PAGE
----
With Friends Like These…

Friends are a gift from the Lord…usually. There is no denying that Job’s three friends are truly friends to him. The last two verses of yesterday’s reading tell us that they wept at the very sight of him and that they sat quietly with him for 7 days. What a blessing such friends are! We should strive to be such a friend, especially in times of suffering. Often we draw back from those who are suffering because we fear the awkwardness of not knowing what to say, when the best thing we could do is just to bear their suffering with them in silence.

Chapter 3 consists of what Job himself calls words for the wind (6:26) – things that a despairing person says that they do not truly mean. Someone said that a friend is someone you can trust to separate your wheat from your chaff. We don’t have to be guarded or false with a friend. We can speak according to our feelings without fear of judgment or condemnation, because we know that our friend knows that we are governed by our faith, and such emotions will soon blow over. When we are walking with a friend who is suffering, we should not judge them based on the words of the moment but on the testimony of their life.

Eliphaz, having heard Job’s words for the wind, does not remain silent as he should. He says many true things in chapter 4-5, but it is tainted by two wrong assumptions – one about God and one about his friend Job. We see both in 4:8:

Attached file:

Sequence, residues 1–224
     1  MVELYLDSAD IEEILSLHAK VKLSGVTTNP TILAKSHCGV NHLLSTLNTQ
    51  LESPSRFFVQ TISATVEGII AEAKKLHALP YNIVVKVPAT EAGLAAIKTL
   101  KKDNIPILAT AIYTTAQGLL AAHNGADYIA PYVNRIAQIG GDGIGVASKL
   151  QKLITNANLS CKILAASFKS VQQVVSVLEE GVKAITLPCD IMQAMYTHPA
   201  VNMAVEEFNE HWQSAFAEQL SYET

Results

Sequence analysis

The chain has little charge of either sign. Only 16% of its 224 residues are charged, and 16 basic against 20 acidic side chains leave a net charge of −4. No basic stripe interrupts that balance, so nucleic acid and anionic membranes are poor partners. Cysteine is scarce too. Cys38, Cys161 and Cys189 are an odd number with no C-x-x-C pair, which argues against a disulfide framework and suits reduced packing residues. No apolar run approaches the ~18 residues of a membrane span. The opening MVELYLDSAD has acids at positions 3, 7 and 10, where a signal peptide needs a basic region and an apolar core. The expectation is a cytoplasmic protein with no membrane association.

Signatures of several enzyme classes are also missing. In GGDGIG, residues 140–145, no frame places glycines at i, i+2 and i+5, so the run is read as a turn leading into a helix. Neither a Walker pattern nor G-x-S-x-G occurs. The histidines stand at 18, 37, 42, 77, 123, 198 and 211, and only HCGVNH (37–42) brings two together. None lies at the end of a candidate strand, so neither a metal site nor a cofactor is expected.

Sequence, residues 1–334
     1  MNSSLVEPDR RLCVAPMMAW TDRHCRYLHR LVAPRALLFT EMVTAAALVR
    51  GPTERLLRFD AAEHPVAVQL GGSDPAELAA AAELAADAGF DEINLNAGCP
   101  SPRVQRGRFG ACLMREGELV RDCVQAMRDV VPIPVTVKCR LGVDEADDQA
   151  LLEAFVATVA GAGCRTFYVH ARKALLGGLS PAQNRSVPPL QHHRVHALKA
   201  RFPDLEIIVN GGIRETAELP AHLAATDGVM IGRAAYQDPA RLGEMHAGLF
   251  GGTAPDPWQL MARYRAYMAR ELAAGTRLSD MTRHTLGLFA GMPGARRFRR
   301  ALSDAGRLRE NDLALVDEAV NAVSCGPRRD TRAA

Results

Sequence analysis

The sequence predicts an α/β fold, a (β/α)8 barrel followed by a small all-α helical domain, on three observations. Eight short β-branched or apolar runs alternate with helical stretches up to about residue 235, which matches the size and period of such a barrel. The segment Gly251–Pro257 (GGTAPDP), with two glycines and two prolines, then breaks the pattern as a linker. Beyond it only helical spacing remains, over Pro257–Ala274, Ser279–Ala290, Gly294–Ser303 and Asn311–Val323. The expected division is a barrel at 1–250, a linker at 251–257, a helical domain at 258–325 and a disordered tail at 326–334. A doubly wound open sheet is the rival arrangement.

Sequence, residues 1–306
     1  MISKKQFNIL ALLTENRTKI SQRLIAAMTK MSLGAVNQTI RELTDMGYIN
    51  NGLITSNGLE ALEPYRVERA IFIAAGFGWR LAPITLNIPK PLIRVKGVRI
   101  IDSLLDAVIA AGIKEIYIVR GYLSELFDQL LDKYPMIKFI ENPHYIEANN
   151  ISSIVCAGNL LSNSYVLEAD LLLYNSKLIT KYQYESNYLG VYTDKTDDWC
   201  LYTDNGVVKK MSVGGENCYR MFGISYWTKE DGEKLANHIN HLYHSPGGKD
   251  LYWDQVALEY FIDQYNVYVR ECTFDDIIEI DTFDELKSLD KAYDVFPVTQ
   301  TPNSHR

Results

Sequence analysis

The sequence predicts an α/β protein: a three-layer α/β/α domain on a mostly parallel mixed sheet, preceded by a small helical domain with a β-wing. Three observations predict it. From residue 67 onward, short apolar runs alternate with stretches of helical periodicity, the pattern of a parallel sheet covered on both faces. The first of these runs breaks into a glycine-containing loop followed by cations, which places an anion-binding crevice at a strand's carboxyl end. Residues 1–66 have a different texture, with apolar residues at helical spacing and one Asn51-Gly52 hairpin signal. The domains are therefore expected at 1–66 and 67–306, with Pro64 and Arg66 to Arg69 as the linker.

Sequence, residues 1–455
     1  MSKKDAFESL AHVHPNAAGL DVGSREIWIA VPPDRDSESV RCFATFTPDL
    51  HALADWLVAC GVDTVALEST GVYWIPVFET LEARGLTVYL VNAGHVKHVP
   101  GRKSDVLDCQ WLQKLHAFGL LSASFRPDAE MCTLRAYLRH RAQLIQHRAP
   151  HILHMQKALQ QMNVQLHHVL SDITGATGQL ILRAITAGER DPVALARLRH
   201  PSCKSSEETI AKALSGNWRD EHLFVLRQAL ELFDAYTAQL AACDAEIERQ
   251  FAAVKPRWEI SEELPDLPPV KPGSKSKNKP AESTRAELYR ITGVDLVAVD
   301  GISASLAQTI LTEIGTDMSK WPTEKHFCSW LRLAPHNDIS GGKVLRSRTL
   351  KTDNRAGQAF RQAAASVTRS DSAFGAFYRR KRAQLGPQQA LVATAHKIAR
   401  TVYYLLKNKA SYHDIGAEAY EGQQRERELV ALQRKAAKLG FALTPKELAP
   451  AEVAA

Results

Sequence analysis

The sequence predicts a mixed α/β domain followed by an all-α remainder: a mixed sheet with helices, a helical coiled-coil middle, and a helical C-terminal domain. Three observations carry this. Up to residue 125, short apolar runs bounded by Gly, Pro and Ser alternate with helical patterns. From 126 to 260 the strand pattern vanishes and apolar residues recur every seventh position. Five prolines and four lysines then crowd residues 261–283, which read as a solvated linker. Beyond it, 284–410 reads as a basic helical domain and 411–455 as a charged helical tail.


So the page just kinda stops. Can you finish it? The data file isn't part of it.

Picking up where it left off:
Job 4:8 (ESV)  As I have seen, those who plow iniquity and sow trouble reap the same.

While this principle is obviously true, it wrongly assumes that Job has “plowed iniquity” and that God only permits good things for good people and bad things for bad people. Job denies that he has turned away from the words of God (6:10) and accuses his friends of being a desert pool of water that promises refreshment but quickly dries up (6:13-21).

We often cannot know if one’s suffering is due to their sin and God’s corrective or punitive hand, and thus it is wrong to assume it is so unless there is an obvious sin to be pointed to and corrected (6:25-26). In such cases, we should speak the truth in love (Eph. 4:15). But Job’s point is that his friends should know him well enough to know that he is “a blameless and upright man, who fears God and turns away from evil.” (Job 1:8)

What kind of friend are you. Do you “rejoice with those who rejoice and weep with those who weep?” (Romans 12:15) Do you have people whose lives you are invested in enough to know their testimony of faith or sin?

Tomorrow we will further consider their wrong assumption…